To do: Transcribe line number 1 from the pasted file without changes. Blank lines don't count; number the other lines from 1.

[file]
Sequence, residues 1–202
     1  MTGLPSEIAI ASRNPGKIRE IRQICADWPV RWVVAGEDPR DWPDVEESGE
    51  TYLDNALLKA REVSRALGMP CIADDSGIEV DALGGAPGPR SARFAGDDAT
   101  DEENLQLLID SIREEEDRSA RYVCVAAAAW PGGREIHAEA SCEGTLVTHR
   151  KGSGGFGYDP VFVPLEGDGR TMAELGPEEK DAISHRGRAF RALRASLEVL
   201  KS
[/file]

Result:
Sequence, residues 1–202